- You won’t waste time looking at homes above or below your price range.
- Sellers will take you seriously because you have a lender backing you.
- You’ll have an edge over unapproved buyers.
WHAT DO LENDERS CONSIDER WHEN THEY APPROVE YOU FOR A LOAN?
- Your Income
- Your Credit History or Credit Score
- Your Assets
- Your Liabilities (or debt)
WHAT DO THEY NEED FROM YOU? If you’d like the names of several reputable lenders for your pre-approval or loan application process just ask me. An official loan application usually requires that you meet face-to-face with a lender and provide:
- Your signed purchase agreement (I will complete this with you)
- Your W2 forms from the past 2 years.
- Your most recent pay stubs showing year-to-date earnings.
- Your bank statements from the past 3 months
- Your addresses for the past 2 years
- The names, addresses and phone numbers of your employers for the past 2 years
- A list of your financial obligations, such as student loans, installment loans, credit cards
- The names, addresses and account numbers of your banks or credit unions
- A check to pay for your lender’s application fee
Closing costs, or the costs you’ll pay to close your home loan and close the home purchase, are compromised of a number of items, which are combined into one number you’ll bring to the closing table (unless we negotiate for a seller to pay them on your behalf):
- DOWN PAYMENT: The more you put down the lower your monthly payment will be.
- YOUR “PREPAIDS”: Lenders require that several months of property taxes and home owners’ insurance be prepaid at closing, in order to start your “escrow” account, which collects and holds reserves of taxes and homeowners insurance so your lender can pay those bills for you when they are due. Your lender may also ask for several days of prepaid interest on your mortgage loan.
- APPLICATION FEE: If you didn’t pay an application fee to your lender up front, it may be part of your closing costs.
- CLOSING FEE: Usually $350-600, this is charged by your Title Company to prepare the documents necessary to close the loan on your behalf
- COMMITMENT OR ORIGINATION FEE: Usually a percentage of your mortgage amount, some lenders may charge this to originate your loan.
- RECORDING FEES: This is usually a small amount (under $100) and is charged by a state or municipal city to record your closing documents into public record.
- TITLE INSURANCE: Title insurance provides protection for you and your lender against financing loss. For homebuyers, it usually runs around $350-800. The higher the price of the property the higher the title insurance fee.
Closing is when you meet with the seller of the property, your closing/title company, and both realtors to “close” the deal and “close” on your home loan. It simply involves you signing paperwork from your lender and legal documents from the state lo record your home purchase into public record. I do most of the work to schedule, arrange and prepare you for you closing. I’ll communicate with you throughout the process, letting you know the date, time and location.
The only items you’ll need to bring to closing are: 1) Your Driver’s License (make sure it’s not expired), and 2) a cashier’s check (or money wired to the title company) for the amount you need to bring to closing which your lender will provide you with in advance.
AT LEAST ONE MONTH PRIOR TO MOVING:
- Call for utility changes. etc.
- Clean closets, storage areas.
- Have a garage sale or donate unneeded items.
- Use up perishable foods, especially frozen ones.
- Decide what indoor and outdoor furniture you’ll be moving.
- Make a complete moving inventory and assign a value to all items.
- Obtain estimates from different movers. Check their backgrounds.
- Obtain appraisals on valuables, and take photos of items in case of loss.
- If you’re doing the packing, acquire packing materials.
- Begin packing rarely used items.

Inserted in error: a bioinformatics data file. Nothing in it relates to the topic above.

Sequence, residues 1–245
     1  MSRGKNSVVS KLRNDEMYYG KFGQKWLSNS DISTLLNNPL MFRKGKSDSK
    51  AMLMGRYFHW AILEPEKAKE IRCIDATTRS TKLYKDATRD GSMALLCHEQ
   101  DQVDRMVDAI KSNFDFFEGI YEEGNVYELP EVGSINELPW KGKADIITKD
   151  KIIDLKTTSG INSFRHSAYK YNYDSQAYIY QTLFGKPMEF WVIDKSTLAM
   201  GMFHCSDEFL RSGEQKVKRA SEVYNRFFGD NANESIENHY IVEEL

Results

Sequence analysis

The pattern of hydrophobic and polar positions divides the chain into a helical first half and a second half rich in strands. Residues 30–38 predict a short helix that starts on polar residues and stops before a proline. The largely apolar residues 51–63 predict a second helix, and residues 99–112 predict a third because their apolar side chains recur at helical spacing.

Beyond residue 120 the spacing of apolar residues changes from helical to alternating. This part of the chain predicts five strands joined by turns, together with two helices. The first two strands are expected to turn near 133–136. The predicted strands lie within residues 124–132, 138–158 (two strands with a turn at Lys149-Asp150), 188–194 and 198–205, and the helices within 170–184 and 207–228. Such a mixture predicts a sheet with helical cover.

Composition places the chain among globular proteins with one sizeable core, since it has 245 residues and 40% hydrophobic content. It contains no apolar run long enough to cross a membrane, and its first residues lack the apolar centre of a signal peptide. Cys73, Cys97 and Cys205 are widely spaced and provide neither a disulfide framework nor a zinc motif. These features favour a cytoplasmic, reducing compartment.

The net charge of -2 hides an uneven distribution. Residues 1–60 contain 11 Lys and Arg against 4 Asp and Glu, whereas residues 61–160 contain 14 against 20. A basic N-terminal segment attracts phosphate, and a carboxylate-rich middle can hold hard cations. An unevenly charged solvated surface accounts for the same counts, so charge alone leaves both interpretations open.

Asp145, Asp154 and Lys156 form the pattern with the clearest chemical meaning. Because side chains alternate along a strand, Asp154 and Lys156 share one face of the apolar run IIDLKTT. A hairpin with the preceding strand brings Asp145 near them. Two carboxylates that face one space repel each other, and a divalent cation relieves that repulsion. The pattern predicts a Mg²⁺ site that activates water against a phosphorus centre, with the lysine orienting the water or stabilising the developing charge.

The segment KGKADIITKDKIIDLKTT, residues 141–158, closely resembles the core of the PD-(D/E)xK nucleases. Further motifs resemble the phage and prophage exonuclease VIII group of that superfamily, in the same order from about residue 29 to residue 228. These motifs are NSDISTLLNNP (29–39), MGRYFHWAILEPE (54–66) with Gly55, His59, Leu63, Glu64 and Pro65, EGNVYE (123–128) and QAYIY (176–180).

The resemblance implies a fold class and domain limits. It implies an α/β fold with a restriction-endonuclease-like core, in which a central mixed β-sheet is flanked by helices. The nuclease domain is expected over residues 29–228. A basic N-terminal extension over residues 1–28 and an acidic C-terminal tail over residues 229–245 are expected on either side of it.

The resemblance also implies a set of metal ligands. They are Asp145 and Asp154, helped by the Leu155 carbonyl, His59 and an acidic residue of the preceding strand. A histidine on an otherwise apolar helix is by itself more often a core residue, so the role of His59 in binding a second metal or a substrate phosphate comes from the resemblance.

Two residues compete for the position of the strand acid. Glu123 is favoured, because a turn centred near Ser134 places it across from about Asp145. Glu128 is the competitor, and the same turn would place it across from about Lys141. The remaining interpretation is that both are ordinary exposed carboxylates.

- Visit the post office (online or in person) and submit a change-of-address form.
- Notify utility companies of your effective stop date.
- Arrange to collect any security deposits; get a release from your lease if necessary.
- Check homeowner’s insurance.
TWO WEEKS PRIOR:
- Pack vital documents (passports, birth certificates) in one place.
- Ask for referrals to dentists and doctors near your new home.
- Refill and transfer prescriptions.
- If needed, make arrangements for a final cleaning at new and existing home.
ONE WEEK PRIOR:
- Prepare a ‘ready box’ for the last one on and first one off the moving van. This should include vital documents, extra checks, a first-aid kit, keys, bathroom essentials, medications, etc.
- Have the kids help with packing and organizing the move.
- Check with your dry cleaner for items you may have forgotten to pick up.
- Clean out school or health-club lockers.
- Arrange for the transfer of valuables like jewelry and cash. Don’t put these in your normal shipment.
- Drain gas from your power tools, lawn equipment, grills, etc.
- Make sure you’re not moving anything flammable or combustible.
ONE DAY PRIOR:
- Put all bed linens, pillows. mattress pads. towels in one place for packing.
- Write down box numbers after the mover have assigned them so you can find essential linens for the first night in your new house.
- Defrost and clean your refrigerator/freezer.
- Clean the oven or stove.
- Pack family personal items and clothing.
- lf necessary, close/transfer your bank accounts.
- Get a simple breakfast for moving day.
- Remove snow, ice or debris from walkways. drive and porch to provide ready access to the house. Put all bed linens, pillows, mattress pads and towels in one place for packing.
MOVING DAY AT YOUR OLD HOUSE:
- If you’re doing the moving, pick up the truck.
- Remove any curtains you plan to take.
- Load car with luggage and essential items.
- Orient movers and check inventory carefully. Keep a copy of the inventory.
- Check that everything is gone before you leave. Don’t forget to check the dishwasher, washer and dryer!
- Exchange cell phone numbers with your movers before leaving.
- Secure house and tum down thermostats.
- If necessary, notify your security company that you’ve vacated.
- If necessary, take all keys. garage door openers, etc to closing.
MOVING DAY AT YOUR NEW HOME:
- Arrive before the movers!
- Direct movers on placement of boxes and furniture.
- Check the condition of all furniture and furnishings.
- Check the condition of each carton as it is unloaded.
- Heavily damaged cartons usually mean damaged contents.
- Check appliances, water heater. furnace, air-conditioner, etc.
- Check basement sump pump, if applicable.
- Call the post office if they are holding your mail.
- Begin unpacking, and enjoy your new life in your new home!